You’ve finished your last client of the day, sending her off with exquisite pink-and-whites (with perfect product application and craft), and you notice you’re not tired, you’re not sick at the sight of nails, in fact — you’re filled with energy knowing you put on one of the best sets in town. You’re even thinking about a cool nail art design you want to try tomorrow morning. You’re a nail tech who is passionate about what you do.
What’s great about the nail industry is it has opportunities for nail techs like you to take your skills to the next level and gain experience in business, teaching, and traveling by becoming an educator for a nail product manufacturer. If you haven’t heard of them by now, nail educators are skilled nail technicians who have been hired by companies to teach other techs how to use their particular brand of product, most typically gels and acrylics.
Nail companies are always on the lookout for new educators. They are looking for enthusiastic and motivated techs to show other nail techs how they too can make fantastic nails using that specific brand. For the educator, this means a payment for the classes instructed, travel expenses paid, and for some companies, even a commission on products sold during the class.
“It’s really a fantastic opportunity,” says Hand & Nail Harmony educator MaeLing Parrish. “Becoming an educator was one of the best decisions of my life. I’ve been able to travel to 16 different countries and meet so many incredible people in the nail industry all over the world. I just love it.”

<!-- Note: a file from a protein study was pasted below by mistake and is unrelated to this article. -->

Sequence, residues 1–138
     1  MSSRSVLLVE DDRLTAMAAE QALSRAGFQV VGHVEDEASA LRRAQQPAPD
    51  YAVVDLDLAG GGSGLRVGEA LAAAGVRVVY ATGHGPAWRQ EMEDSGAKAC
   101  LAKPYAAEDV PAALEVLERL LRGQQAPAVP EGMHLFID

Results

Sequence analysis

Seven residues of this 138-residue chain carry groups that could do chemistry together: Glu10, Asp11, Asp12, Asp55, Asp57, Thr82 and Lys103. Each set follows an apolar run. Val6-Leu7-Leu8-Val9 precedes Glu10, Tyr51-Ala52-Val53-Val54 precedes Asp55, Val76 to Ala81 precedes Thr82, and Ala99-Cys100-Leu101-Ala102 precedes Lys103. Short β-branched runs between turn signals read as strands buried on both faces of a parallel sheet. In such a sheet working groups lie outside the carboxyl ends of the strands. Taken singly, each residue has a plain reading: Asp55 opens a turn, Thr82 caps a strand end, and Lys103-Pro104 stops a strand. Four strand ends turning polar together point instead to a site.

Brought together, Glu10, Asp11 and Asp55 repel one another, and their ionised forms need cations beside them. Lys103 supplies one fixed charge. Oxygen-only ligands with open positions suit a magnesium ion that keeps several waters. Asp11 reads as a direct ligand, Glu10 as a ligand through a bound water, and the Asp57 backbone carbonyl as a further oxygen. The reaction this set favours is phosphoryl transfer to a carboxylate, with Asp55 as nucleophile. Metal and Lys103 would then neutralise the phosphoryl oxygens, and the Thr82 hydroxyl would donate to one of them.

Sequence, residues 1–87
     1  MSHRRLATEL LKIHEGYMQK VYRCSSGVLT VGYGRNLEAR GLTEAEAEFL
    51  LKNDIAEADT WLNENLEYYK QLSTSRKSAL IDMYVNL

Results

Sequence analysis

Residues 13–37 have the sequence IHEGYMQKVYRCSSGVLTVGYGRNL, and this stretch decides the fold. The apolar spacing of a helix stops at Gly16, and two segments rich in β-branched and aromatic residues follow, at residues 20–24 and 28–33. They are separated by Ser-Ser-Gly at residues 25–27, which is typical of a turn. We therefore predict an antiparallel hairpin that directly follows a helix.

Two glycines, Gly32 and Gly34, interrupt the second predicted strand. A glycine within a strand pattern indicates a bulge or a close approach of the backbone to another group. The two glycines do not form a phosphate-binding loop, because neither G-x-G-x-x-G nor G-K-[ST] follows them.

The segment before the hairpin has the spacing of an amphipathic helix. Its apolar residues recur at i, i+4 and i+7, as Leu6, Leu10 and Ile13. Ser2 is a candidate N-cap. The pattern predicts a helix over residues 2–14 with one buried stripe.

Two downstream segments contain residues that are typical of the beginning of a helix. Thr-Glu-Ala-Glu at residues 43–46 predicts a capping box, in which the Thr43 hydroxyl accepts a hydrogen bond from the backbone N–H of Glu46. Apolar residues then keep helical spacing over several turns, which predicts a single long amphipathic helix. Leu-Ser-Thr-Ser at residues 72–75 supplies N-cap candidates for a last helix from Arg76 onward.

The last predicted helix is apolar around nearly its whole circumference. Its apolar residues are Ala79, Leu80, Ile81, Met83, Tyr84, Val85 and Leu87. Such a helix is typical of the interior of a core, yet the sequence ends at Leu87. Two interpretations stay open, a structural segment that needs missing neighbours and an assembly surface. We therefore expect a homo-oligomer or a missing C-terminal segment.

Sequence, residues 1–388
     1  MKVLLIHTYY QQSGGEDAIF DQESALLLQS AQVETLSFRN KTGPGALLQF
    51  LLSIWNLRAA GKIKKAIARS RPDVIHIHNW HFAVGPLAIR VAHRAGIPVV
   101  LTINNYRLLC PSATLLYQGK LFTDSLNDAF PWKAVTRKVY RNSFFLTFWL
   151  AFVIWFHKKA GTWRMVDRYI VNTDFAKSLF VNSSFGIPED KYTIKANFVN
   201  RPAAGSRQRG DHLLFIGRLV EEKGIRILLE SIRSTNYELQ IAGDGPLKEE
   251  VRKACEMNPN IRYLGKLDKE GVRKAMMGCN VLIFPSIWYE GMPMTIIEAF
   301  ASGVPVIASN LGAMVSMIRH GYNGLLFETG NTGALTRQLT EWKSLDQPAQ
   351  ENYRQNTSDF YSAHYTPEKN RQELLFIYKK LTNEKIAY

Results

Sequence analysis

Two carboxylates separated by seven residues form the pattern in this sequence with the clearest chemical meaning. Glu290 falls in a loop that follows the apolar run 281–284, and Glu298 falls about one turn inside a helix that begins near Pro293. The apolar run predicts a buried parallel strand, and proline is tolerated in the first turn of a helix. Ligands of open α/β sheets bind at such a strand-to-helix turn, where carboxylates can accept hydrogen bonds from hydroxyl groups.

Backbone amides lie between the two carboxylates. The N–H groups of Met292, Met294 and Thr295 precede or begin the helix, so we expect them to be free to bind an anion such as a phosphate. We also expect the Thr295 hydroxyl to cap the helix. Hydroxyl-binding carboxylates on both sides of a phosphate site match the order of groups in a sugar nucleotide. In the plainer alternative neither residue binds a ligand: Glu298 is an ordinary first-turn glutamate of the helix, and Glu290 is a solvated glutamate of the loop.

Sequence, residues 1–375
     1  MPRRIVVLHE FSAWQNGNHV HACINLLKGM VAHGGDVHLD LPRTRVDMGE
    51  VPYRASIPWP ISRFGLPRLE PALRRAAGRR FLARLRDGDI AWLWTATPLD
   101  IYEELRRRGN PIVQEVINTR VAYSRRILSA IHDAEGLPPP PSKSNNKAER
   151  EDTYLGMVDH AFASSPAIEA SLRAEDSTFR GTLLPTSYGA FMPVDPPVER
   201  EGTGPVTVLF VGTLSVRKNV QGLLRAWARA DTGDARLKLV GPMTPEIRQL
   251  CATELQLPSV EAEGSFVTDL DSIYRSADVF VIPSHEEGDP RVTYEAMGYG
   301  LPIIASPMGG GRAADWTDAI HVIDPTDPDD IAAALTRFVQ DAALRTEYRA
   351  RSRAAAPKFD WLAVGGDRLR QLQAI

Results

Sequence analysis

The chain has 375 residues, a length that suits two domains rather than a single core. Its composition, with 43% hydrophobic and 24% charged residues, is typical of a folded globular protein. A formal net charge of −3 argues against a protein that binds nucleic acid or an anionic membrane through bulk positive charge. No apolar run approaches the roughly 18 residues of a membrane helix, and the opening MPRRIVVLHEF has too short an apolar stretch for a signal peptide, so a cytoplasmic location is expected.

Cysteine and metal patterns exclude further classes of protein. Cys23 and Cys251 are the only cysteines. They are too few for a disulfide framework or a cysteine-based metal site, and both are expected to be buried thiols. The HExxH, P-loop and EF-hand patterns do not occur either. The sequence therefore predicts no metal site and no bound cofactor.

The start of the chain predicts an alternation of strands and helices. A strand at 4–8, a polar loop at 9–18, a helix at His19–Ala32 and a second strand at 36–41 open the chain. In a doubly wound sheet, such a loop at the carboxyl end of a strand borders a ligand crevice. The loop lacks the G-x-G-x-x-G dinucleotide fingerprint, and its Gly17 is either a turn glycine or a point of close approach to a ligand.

The advantage for nail techs is there are a number of companies in our industry that are constantly on the lookout for the next fabulous tech who can become a hit at shows and classrooms, and really galvanize customer enthusiasm for their products.
“Having educators is essential for us,” says Light Elegance president Jim McConnell. “They become your direct connection to your customer base, because typically manufacturers are not skilled nail technicians themselves. We need educators to cross the bridge.”
So who are these educators, what companies are looking for them, and how do you apply? NAILS provides a rundown on some of the biggest nail education programs and details about how you can get started. If there’s a product line here you’re familiar with, and you have a desire to see where nails can take you, contact these companies and see if educating is right for you. After all, that one inquiry might set you on a globe-trotting nail-driven adventure.
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